Eyes of the Fleet

Eyes of the Fleet

Wednesday, May 18, 2011

Somali Pirates: USS Bulkeley and Its Helicopter Protects Large Tanker, Pirates Unsuccessful in Dodging Bullets

USS Bulkeley (DDG-84)
At 1035 a.m. (local) May 16, MV Artemis Glory came under attack from pirates.

The German owned, Panama flagged very large crude carrier (VLCC) was on route from Juaymah Terminal in Saudi Arabia to China with a cargo of crude oil. The motor vessel came under attack whilst sailing south east through the Gulf of Oman.

Royal Fleet Auxiliary (RFA) Diligence (A132) received a mayday call from the MV Artemis Glory, saying that their ship was under attack by pirates.

MV Artemis Glory
RFA Diligence relayed the mayday message to Combined Maritime Forces. UKMTO confirmed in a conversation with the Master of the MV Artemis Glory that she was being pursued by a skiff with four individuals on board who were firing small arms at the vessel.

USS Bulkeley, (DDG 84) operating with Combined Maritime Forces, responded to the mayday and launched her helicopter, an SH-60B from “Vipers” helicopter squadron, light (HSL) 48, detachment four to investigate the mayday call.

SH-60B (U.S. Navy photo)
The helicopter observed the MV Artemis Glory under attack by four individuals in a skiff, who were firing upon the Artemis Glory with small arms.

Under the principle of ‘extended unit self defence’ and in order to provide protection to the crew of the MV Artemis Glory, Bulkeley’s helicopter engaged the pirates. All of the pirates are believed to have been killed.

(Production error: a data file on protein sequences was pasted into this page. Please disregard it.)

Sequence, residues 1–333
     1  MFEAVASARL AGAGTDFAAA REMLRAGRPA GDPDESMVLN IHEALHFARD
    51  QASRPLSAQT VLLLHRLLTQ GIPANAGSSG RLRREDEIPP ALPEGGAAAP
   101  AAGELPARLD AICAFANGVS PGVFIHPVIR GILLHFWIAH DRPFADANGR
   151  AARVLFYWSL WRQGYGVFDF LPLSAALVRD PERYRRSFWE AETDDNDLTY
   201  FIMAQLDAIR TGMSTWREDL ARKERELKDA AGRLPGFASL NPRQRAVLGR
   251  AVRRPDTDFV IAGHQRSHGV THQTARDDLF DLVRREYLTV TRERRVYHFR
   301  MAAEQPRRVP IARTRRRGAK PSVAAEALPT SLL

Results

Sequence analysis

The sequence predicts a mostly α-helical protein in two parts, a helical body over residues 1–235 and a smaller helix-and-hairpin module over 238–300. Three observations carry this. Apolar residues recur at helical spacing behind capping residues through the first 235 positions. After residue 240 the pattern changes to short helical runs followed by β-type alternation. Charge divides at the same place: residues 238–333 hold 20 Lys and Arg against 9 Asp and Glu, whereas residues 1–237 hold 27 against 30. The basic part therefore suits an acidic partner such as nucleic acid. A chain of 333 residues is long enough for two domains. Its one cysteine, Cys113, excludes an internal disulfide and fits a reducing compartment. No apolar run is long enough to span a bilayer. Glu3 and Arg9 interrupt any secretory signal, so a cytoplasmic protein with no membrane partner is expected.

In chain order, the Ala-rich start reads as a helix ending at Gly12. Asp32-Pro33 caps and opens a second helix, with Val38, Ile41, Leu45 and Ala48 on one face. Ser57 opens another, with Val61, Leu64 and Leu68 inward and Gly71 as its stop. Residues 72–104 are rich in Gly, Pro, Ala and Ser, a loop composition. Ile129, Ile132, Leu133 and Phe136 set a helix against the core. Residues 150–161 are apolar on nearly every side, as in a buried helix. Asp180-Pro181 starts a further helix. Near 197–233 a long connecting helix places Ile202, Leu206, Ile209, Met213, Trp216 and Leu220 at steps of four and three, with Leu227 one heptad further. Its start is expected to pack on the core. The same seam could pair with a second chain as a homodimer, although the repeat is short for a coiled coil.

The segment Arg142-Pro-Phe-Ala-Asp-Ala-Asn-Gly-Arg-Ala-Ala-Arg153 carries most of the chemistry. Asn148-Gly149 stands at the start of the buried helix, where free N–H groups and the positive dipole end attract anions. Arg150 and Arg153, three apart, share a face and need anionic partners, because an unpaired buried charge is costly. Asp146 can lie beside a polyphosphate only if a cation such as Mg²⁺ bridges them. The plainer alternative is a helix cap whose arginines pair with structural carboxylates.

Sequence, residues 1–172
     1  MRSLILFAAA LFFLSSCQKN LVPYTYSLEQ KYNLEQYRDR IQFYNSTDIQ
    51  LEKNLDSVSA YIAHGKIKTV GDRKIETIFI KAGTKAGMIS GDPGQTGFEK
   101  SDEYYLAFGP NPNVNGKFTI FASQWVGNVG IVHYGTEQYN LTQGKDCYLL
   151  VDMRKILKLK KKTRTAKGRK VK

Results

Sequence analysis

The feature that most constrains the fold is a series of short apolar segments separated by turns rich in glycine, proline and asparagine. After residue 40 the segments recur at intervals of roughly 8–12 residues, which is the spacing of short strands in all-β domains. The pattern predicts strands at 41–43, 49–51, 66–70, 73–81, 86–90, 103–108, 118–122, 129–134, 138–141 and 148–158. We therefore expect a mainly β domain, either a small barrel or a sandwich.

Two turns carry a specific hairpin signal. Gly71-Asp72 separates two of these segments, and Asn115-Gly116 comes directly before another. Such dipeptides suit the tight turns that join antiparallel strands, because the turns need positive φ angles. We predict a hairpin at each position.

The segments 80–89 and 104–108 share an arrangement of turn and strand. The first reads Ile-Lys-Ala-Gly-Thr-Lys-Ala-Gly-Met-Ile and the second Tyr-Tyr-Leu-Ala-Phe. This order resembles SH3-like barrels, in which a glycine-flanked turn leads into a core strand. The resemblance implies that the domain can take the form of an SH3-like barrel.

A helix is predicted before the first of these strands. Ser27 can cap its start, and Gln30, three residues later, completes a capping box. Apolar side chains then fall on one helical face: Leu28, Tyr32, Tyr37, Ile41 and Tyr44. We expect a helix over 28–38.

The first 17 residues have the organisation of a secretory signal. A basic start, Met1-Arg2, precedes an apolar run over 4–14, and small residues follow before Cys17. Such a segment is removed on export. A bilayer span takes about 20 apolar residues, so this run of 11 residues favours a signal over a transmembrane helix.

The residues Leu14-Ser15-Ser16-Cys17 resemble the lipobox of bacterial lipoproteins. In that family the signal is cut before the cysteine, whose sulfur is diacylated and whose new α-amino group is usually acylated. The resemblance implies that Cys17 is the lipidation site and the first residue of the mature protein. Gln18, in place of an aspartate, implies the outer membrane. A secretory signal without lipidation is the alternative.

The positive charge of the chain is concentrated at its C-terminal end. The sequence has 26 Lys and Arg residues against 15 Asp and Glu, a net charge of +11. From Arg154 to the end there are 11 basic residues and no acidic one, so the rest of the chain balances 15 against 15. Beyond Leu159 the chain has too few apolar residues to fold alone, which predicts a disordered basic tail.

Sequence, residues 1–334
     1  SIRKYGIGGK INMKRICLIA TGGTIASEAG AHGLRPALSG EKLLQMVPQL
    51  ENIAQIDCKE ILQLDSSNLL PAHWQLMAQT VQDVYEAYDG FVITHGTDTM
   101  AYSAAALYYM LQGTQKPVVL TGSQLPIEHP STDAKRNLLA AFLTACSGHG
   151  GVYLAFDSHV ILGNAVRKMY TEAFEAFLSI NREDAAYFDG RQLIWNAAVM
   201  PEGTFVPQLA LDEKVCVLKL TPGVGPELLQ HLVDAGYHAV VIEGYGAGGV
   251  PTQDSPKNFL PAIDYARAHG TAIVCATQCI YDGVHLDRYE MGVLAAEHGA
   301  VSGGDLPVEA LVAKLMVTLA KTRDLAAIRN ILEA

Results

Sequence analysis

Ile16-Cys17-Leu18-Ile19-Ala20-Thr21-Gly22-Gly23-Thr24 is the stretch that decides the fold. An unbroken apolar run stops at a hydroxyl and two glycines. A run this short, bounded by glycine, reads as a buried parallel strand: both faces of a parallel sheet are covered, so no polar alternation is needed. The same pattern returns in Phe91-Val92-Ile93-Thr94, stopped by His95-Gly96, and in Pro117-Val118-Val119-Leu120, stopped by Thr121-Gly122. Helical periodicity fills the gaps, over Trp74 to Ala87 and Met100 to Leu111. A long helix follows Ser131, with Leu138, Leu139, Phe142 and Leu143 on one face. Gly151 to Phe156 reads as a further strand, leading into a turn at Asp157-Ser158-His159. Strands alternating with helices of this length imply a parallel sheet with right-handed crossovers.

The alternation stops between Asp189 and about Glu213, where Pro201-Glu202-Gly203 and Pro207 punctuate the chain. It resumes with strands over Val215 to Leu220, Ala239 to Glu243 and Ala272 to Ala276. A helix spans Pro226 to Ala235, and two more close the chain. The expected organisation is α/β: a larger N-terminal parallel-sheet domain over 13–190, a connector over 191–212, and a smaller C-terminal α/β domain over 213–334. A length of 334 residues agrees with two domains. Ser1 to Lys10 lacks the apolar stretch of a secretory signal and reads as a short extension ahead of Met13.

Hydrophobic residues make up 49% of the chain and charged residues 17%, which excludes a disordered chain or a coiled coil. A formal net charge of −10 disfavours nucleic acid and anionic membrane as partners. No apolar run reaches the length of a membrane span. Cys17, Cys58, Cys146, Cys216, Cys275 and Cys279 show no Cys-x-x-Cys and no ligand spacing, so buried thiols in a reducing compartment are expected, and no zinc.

MV Artemis Glory has 23 crew persons onboard. No crew members were injured in the attack.
MV Artemis Glory photo by Ivan Meshkov from Shipspotting.com and used in accord with terms of that site.


  1. eastriver7:25 AM

    Extended Unit Self Defense? Puh-leeze. Saving innocent life is no longer enough? Oh, my...

  2. Call it whatever, it appears there are 4 former pirates who won't care too much.

  3. mandb1:06 PM

    ROE has certainly toughened up in recent weeks with the EU/NATO/US forces. This is a particularly significant shift over the efforts of only a few months ago. Not that we expect to be told of an ROE shift, rightly, but by subsequent actions at sea. We watch with interest.

  4. Anonymous2:58 AM

    Saving innocent life, by itself, has never been enough under international law to justify armed intervention. For instance, if it wasn't on the high seas, we couldn't use extended self defense unless it was an American ship. In this case, a stateless vessel using lethal force against another vessel, any state has the right to intervene. Can't really tell if this is a change in ROE or not, normally you would expect a warning shot first but since the skiff was actively firing on the ship, it becomes a judgement call by the on-scene commander. However, if it is a change in ROE, it certainly makes prosecution easier.

  5. Anonymous9:16 AM

    My son is on the Bulkeley. Way to go sailors!!!!! Four less pirates in this world.